To this end, the acquisition and use of ecologically correct materials, the consumption of fewer natural resources, the reduction in the creation of waste and the promotion of recycling will also be essential. Encouraging and favoring the production and use of energy from renewable sources is another of the practices to be included in order to reduce the number of emissions released.

Therefore, the use of the «Lean and Green Manufacturing» concept is evident in different business sectors with the aim of reducing waste in operational processes, increasing productivity and minimizing environmental impacts.

Where do Lean and Green intersect?

While the lean philosophy strategy aims to reduce operating costs by reducing waste in the production system, green manufacturing aims to preserve the environment, reduce emissions and use (less) natural resources. Lean practices are not sustainable by themselves, because their main objective is to maximize customer value and it is not right that the customer takes environmental issues into account.

The «Lean and Green Manufacturing» methodology, however, provides tools based on techniques that allow less waste, directing companies to evaluate the productivity and environmental impact of their processes. Taking into account the common goals of lean thinking and sustainability, their combination seems natural to complement each other and benefit from their association.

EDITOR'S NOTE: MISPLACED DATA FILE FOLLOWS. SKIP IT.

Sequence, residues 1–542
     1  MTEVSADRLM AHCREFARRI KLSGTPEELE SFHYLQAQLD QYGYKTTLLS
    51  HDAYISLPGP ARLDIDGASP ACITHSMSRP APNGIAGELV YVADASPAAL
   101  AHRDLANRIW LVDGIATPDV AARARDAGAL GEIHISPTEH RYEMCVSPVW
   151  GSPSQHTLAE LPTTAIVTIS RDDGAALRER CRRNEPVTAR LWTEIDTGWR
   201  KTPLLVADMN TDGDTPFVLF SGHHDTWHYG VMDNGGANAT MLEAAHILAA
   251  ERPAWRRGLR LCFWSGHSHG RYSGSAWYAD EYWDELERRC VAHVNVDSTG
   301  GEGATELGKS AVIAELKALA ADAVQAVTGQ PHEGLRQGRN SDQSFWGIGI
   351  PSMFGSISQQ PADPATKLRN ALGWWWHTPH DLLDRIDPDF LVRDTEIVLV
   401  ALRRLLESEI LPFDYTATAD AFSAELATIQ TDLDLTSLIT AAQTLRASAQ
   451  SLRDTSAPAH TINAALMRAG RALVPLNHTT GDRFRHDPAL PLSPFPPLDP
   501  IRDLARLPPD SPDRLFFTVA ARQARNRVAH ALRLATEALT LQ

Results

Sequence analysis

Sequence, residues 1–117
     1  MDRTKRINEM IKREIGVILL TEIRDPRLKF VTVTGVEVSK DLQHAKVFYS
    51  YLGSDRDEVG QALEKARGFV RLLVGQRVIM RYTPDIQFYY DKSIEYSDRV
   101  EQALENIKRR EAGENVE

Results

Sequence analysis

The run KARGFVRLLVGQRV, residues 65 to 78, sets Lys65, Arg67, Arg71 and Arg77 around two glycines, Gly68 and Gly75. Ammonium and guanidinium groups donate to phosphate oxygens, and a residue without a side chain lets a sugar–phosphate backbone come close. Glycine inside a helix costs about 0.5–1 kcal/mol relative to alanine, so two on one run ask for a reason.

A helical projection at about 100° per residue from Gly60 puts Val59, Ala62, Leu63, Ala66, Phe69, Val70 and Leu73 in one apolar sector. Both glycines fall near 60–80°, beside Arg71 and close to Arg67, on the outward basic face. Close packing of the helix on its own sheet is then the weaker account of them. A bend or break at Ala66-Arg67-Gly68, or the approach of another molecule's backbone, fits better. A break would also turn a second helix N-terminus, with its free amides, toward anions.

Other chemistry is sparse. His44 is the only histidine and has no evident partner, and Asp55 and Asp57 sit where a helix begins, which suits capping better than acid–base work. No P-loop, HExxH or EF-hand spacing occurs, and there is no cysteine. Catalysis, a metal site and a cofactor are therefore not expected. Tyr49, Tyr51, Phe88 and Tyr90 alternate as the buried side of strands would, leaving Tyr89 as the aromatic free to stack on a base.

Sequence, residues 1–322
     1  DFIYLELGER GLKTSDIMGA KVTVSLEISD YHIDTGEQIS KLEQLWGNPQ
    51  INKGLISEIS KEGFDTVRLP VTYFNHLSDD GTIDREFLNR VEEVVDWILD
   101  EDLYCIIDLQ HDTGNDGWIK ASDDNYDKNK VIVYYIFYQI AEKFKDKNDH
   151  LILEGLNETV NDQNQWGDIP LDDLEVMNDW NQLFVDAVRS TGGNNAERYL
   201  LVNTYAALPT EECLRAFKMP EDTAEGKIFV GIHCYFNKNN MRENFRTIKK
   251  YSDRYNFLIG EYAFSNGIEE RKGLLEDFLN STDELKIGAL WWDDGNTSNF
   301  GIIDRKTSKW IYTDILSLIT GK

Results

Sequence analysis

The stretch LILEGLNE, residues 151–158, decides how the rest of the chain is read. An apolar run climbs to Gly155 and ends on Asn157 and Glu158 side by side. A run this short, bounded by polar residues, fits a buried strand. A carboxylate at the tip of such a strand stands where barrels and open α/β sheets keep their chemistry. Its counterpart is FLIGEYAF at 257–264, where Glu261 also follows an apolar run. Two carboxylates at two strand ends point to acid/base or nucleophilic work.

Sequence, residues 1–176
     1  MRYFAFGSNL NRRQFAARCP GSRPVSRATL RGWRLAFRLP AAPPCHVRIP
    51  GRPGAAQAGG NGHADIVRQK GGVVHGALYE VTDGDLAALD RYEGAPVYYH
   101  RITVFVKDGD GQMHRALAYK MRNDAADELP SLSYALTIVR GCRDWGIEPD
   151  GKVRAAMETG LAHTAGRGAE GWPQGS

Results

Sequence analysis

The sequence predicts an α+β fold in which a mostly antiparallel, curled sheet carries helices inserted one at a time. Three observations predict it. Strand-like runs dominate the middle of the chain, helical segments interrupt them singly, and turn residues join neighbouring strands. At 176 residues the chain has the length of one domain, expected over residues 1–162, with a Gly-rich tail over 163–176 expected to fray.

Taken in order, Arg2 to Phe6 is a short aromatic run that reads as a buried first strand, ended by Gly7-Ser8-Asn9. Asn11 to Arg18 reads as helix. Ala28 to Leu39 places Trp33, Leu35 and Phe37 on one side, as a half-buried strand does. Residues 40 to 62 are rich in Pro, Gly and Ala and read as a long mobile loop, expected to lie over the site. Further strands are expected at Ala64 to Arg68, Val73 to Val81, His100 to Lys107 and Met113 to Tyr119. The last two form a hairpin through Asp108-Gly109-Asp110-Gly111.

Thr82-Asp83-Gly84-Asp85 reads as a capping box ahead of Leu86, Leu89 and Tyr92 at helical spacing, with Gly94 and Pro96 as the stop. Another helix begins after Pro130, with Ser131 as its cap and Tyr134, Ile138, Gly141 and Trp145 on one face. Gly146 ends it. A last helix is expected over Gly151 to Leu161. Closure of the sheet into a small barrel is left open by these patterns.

Association of Lean philosophy and the Circular Economy

The circular economy, in turn, is a concept that is based on a sustainable development strategy, where the aim is to maintain economic growth, human well-being and simultaneously reduce negative environmental impacts. It is a closed-loop regenerative system that intends to optimize the use of resources, conserving them, minimizing the amounts of use and maximizing their recovery, efficiency and effectiveness during their useful life. In this way, it is possible to slow down, close and reduce circuits of materials and energy.

This approach promotes value chain innovation, projecting ecodesign into products to make them easier to maintain, repair, upgrade, dismantle or recycle, creating industrial symbioses and supporting the consumer in encouraging separation so that costs can be minimized.